2. Yeah I believe stress is a massive killer of humans and animals. I think humans get cancer directly from stress. Cats seem to be even more suceptible to stress in the short term. Humans just don’t necessarily make the connection that stress is what is causing them to be unhealthy in many areas. But cats get sick pretty quick and it can be very serious if they catch an infection or something at the same time. It must be bad. But a stroke to me suggests clogged arteries so I wonder if cats suffer from things like cholesterol.

    I’m assuming by the caption below the image that cats, like humans, can survive both strokes and heart attacks. That’s lucky! As with humans, there should be many kinds of medication they can take as treatment for these blood related problems.

    Of course they haven’t changed anything, and like all western medicine, it only steps in after the illness of damage has reached the symptomatic stage. You gotta love our short sightedness when it comes to health. Without it we’d all live much longer and that would be bloody awful to be honest. So I can only assume it’s the same with cats and that the pet food comapnies will never do anything to favour animal health unless they are forced to by law, disgusting pig vermin that they are (that’s probably a compliment, and I apologize to all pigs for being so rude to them) – so all that is left is that we should hope they are doing research and producing medicine that will help cats with heart/stroke problems.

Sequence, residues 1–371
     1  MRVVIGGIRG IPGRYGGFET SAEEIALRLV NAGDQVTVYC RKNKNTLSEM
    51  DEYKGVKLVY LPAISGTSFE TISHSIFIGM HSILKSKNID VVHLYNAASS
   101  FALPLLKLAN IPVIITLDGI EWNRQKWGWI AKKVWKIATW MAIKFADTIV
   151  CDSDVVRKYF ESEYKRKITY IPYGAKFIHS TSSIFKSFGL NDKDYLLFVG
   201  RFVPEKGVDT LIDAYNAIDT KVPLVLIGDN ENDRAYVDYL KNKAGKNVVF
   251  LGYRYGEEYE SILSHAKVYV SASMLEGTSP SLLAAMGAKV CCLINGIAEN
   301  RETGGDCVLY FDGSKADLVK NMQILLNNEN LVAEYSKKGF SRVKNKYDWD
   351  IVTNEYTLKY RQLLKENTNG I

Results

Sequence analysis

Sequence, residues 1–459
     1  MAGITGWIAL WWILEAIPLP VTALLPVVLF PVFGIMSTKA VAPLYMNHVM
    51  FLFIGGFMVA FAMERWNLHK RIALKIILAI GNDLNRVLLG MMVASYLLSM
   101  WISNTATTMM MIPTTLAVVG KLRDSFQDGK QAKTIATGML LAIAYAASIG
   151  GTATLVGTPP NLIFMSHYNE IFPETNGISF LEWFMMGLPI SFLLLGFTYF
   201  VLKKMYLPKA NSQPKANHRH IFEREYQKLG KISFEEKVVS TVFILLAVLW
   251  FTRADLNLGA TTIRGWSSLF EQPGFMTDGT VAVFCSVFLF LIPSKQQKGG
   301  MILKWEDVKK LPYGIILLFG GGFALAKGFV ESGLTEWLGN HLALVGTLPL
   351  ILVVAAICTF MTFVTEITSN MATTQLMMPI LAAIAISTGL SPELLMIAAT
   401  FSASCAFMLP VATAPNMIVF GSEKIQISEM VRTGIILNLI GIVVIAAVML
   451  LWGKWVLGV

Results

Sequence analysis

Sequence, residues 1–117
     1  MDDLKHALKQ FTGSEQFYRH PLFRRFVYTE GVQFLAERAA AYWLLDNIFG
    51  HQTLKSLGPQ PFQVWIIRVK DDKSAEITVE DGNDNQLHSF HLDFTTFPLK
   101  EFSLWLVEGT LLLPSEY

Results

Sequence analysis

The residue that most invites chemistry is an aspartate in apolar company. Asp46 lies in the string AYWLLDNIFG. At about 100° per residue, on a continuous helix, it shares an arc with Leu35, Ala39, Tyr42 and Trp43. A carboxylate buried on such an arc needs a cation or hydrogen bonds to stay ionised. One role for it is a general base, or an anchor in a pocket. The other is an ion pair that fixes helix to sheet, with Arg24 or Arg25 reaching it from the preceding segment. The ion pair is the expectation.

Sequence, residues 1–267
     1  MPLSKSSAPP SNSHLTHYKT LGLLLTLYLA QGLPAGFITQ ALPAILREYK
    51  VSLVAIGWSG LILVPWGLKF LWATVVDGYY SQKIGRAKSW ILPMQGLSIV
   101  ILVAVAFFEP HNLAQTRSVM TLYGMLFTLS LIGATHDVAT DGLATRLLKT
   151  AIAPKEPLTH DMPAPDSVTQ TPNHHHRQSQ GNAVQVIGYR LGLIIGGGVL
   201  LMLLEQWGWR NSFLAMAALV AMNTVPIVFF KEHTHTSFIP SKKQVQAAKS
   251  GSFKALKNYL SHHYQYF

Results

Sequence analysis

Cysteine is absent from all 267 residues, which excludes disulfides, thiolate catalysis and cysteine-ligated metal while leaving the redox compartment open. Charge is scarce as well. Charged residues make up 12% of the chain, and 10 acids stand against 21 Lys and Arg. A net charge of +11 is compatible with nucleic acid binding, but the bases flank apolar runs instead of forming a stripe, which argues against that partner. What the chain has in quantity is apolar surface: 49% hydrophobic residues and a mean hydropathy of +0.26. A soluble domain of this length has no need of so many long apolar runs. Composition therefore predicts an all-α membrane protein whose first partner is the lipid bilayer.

The vets have the power but they don’t use it for good, on average, so they probably can’t be counted on to protest and advise honestly when it comes to the wellbeing of cats. The declaw issue is proof that they, again, on average, are more likely to make things worse, than better. This is so depressing when you think about it. It really makes me want to learn to vet my cats because I will never trust any vet, ever, 100%. I don’t think it’s possible to in all honesty. The sad thing is that there are a small, tiny handful of good vets out there and they will never get the benefit of my doubt, or that of many other lightly informed cat caretakers, because of the majority of vets who do nothing or who even promote animal abuse.

    But those vets deserve all the encouragment and help they can get and they deserve to know that people are incredibly thankful for what they do.

    • Humans just don’t necessarily make the connection that stress is what is causing them to be unhealthy in many areas.

      Agreed. I believe there is more stress amongst the domestic cat population than cat owners realise because the human environment can often be inherently stressful for a cat for various reasons one being the domestic cat is barely domesticated.